Nancy Young

Nancy Young, Airlines for America

“If you’re going to continue to move towards liquid fuels made from renewables you kind of need the all-of-the-above strategy,” she said.

Another potential feedstock is ethanol, which can be converted into jet fuel through a special process. Growth Energy, an ethanol industry trade group, has been urging lawmakers to ensure that ethanol could qualify for any SAF incentive that gets enacted, said spokeswoman Leigh Claffey. 

“We certainly have members who are interested in SAF production, as the market potential could be as large as the total aviation fuel market over time,” she said.

Airlines for America is supporting a recently introduced House bill, the Sustainable Aviation Fuel Act, which would create a special tax credit for SAF worth up to $1.75 a gallon. The bill would also create an aviation-only low carbon fuel standard similar to one now in operation in California for all forms of transportation. California’s LCFS is the major driver for the renewable diesel market because of its low carbon footprint.

The goal is to get the bill included in an infrastructure package that President Joe Biden is urging Congress to pass.

The administration has proposed a similar tax credit for SAF with one key distinction: The House bill is proposing a blender’s credit that would apply to foreign as well as domestically produced fuel. The administration is proposing a production tax credit that would only benefit U.S. suppliers.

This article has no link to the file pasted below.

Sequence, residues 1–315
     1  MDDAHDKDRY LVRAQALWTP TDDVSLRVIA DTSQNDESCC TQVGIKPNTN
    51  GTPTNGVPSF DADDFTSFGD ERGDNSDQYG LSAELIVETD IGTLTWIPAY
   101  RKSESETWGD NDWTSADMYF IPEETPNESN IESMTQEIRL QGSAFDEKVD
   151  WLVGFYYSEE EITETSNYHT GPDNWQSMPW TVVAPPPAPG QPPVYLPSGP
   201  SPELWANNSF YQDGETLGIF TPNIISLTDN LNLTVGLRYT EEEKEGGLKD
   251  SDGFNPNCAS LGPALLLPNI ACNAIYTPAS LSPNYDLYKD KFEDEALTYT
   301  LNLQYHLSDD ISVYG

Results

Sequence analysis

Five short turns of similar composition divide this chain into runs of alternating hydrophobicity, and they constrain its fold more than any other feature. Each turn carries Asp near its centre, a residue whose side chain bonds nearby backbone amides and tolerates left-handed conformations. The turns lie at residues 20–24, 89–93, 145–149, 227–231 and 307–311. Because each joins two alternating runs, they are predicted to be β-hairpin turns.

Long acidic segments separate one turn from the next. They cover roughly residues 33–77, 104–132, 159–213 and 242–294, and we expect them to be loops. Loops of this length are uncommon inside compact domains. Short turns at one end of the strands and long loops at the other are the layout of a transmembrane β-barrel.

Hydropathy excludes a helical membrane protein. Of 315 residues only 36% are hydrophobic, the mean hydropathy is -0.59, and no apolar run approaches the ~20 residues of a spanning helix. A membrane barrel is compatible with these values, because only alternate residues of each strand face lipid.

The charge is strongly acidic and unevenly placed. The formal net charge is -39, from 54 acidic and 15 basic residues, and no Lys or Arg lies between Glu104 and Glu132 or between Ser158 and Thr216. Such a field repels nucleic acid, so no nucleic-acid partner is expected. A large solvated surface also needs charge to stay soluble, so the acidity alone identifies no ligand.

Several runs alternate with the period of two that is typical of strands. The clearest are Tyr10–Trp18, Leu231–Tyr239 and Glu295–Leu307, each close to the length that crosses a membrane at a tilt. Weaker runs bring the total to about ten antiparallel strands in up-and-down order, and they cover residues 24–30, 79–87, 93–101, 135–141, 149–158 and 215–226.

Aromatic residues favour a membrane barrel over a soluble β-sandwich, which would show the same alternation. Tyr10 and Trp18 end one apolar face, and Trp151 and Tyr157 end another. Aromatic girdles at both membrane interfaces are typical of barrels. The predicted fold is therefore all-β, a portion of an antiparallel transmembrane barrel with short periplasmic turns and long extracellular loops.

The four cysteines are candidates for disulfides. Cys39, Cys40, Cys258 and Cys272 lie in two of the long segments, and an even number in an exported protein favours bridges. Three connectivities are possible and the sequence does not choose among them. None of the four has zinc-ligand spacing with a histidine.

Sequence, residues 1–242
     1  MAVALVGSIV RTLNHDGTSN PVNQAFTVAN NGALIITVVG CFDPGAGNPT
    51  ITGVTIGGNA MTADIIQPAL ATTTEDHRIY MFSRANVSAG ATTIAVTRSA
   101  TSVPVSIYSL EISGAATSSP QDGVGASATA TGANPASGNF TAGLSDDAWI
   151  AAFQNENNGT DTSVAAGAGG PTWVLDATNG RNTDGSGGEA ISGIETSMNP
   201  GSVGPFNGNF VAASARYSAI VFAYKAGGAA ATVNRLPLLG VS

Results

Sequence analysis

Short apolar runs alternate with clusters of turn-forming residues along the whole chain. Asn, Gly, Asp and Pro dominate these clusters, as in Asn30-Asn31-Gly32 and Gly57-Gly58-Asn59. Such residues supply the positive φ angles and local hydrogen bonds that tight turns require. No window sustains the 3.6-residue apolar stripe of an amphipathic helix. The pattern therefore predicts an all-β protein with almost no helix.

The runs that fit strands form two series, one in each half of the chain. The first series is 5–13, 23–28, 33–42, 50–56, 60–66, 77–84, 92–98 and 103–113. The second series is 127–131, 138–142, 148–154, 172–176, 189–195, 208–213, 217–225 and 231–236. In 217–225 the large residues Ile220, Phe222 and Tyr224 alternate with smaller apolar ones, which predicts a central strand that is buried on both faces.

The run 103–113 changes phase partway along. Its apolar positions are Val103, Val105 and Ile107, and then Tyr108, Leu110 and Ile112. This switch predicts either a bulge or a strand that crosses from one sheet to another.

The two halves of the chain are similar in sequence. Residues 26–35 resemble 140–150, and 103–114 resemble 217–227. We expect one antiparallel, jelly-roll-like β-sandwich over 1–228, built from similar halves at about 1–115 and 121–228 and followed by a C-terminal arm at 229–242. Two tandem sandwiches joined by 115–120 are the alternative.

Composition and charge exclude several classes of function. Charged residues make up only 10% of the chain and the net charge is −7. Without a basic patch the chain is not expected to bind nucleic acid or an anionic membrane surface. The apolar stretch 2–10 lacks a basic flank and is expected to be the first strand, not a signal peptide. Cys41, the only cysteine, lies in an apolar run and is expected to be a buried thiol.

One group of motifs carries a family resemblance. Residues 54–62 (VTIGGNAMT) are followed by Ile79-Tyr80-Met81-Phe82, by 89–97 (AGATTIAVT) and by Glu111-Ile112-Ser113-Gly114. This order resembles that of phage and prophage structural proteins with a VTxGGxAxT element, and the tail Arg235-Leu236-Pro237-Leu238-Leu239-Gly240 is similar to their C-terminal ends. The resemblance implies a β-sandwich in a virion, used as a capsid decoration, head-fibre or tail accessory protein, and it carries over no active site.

One of the largest SAF suppliers is a Finnish-based company, Neste, which has refineries in Singapore and the Netherlands.

Democrats on the Senate Finance Committee recently advanced legislation that would replace existing biofuel tax incentives with a new low-carbon fuel credit that would include aviation fuel as well as biodiesel, renewable diesel and other alternative fuels.

Meanwhile, the National Biodiesel Board is seeking an extension of the existing $1-a-gallon tax credit, which is currently set to expire at the end of 2022. 

The prospects for any of the tax proposals are uncertain with the Senate divided 50-50. On Tuesday, Biden broke off talks with a group of Republican committee leaders on an infrastructure plan. A critical swing Democrat, West Virginia’s Joe Manchin, has not ruled out supporting a partisan bill that would have to be passed through the reconciliation process. 

The American Soybean Association declined to comment on the issue.